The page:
We are all Zimbos: Ubuntu blues

We are all part of a collective struggle. I say this on good authority and many who realise that being an African means living on the fringes of the free, share my viewpoint.

We need to build one another up to totally break free. The xenophobic attacks witnessed in South Africa demonstrated the ‘brokenness’ of our way. We all know that Zimbabwe and Mozambique helped South Africa attain its freedom. These

two nations reached out in solidarity and unity during the dark days of apartheid. Our grandfathers worked in mines, gardens and kitchens of South Africa. They had the same masters. We all had the same oppressors. I grew up on stories of Sophia town narrated by uncles returning from Egoli where they had gone to work. Some of them brought back wives from Qumbu and Ixopo.

This is how Africans have always lived their lives. The only difference between Dandora, Kenya and Alexandra is merely geographical distance. Our villages look the same, our townships have the same original purpose.

We share a path well travelled by our ancestors. We share languages, ideologies, values and a shade darker than blue. Sadza, Sima, Nshima, Posho, Ugali, Ngima, and Oshifima are no different from Pap. The ‘Zulu’ surname can be found in-between handshakes at Kwa Ngilazi in Enkonjeni, Kwazulu Natal and around the corner from Mwinilunga Bar in Matero, Lusaka. All these things led me to believe that killing another African is like killing your own brother or sister.

The ideology is not indigenous to South Africa, but to Sub Saharan Africa. The Zimbabweans call it Unhu. The Burundians call it Ubuntu and in Uganda and Tanzania it’s known as Obuntu. Our way is linked and it’s up to us to exercise unity and humanity to advance our legacy.

Our kinfolk on the continent look to South Africa because they believe in South Africa, not only as a country, but also as a beacon of democratic freedom. The vicious attacks on fellow Africans by South Africans show a lack of civil education within the general population on the very foundation of ‘Ubuntu’.

Apartheid left a legacy in us that is only coming to the fore now, that black is bad, therefore a black foreign national coming from another African country is even worse. Africans cannot pay the price for poor local service delivery because of their mere addition to the population.

I’m a Zimbabwean and I say we are all Zimbabweans. I have Shangani roots, but apparently this might be a problem to some of our brothers and sisters. We are all related to one tribe or the other but it’s critical to acknowledge the unity that exists in a shared destiny.

The media wrote that South Africa is a nation at battle with itself and the horrific images plastered across newspapers and websites bear testament to the calamity of the situation. This is not only in South Africa but also across the continent. What do we need to do to grow as a collective? How do we right the wrongs of the past and restore pride and dignity in our people?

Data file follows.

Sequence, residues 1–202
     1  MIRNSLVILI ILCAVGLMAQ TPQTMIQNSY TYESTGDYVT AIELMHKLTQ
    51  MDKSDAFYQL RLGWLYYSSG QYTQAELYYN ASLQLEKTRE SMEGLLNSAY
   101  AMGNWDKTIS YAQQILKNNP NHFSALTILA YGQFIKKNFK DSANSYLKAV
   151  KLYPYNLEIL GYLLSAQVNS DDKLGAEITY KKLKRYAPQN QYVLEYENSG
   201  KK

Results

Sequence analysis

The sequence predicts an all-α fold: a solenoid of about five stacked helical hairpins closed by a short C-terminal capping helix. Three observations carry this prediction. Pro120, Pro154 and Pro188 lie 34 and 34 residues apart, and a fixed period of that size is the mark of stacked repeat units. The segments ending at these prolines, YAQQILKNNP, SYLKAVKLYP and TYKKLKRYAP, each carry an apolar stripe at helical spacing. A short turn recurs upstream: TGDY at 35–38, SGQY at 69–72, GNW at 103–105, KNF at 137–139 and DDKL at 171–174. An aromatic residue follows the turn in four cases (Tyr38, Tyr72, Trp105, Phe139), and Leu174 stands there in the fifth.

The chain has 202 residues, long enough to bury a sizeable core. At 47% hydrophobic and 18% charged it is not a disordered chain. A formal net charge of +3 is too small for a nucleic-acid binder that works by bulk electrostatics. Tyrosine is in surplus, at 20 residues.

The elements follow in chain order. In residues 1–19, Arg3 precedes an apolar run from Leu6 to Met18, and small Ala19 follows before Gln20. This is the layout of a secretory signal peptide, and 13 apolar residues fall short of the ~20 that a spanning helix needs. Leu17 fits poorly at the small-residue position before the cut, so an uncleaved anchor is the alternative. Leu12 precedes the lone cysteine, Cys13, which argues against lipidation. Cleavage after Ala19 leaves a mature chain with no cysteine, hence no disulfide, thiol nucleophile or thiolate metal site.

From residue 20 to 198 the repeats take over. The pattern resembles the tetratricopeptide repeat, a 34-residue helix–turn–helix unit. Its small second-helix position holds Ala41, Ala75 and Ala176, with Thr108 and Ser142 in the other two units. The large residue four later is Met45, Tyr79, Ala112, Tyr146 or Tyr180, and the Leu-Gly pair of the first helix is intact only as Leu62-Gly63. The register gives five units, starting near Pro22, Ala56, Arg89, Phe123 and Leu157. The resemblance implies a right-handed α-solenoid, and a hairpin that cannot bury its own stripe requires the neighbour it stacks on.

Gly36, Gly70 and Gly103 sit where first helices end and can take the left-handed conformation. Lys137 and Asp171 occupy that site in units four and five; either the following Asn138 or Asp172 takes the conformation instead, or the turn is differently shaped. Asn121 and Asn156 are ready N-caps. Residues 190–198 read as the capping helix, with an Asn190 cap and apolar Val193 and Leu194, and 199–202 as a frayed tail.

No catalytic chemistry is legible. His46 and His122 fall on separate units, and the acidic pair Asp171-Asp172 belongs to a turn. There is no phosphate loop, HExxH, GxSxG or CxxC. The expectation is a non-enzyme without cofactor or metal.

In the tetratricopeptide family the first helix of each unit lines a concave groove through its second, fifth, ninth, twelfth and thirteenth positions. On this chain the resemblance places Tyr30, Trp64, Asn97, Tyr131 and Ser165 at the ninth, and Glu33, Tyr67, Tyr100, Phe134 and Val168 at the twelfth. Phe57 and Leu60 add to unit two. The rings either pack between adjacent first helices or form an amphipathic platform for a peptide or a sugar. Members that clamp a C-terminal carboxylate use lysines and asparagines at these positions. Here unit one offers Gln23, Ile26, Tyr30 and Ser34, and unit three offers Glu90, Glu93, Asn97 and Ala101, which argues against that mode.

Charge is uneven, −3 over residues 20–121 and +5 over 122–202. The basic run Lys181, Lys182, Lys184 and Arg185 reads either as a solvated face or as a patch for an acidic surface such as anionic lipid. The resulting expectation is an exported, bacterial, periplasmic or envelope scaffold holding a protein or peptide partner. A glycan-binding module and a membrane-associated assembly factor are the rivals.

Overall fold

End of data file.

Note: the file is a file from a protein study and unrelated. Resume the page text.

‘A person with Ubuntu is open and available to others, affirming of others, does not feel threatened that others are able and good, for he or she has a proper self-assurance that comes from knowing that he or she belongs in a greater whole and is diminished when others are humiliated or diminished, when others are tortured or oppressed’ – Archbishop Tutu

Elder Drake Koka spoke of freeing the mind and liberating African genius. This is what we all need to strive towards. Our former freedom fighters are getting bloated on wine, big cars and suburban bliss but on the other hand there are those freedom fighters who are about the people and for the people. These are the people who gave their time, prayer, property, and a shoulder to cry on during the aftermath of the attacks. These are the people who symbolise the possibility of a unified Africa.

We need national, local, traditional, social, religious, and spiritual leaders to use their persuasive skills to ignite a movement of intervention and unity. Our people need to know our history. We need civil education to be implemented by our leaders and we need to identify issues that hold us back and not group people on colour, geography and social class.

We want our collective intelligence to be the backbone of our progress on this continent. We want our children to be proud of their roots not only as children of a tribe but also as children of Africa.

Mr. President we want action on your part. We want the state hospitals to provide the care that is needed. We want the education system to become the most important tool to progress our nation. The police should be our protectors and not conspirators. Africans should not be known as refugees. We are neighbours on this continent.

Post published in: Opinions & Analysis

Leave a Reply

Your email address will not be published. Required fields are marked *